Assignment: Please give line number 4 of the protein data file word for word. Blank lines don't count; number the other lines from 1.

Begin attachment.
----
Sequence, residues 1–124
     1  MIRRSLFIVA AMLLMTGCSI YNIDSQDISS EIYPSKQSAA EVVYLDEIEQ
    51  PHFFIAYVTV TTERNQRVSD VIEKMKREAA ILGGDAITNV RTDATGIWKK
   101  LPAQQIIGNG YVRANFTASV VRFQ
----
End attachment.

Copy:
   101  LPAQQIIGNG YVRANFTASV VRFQ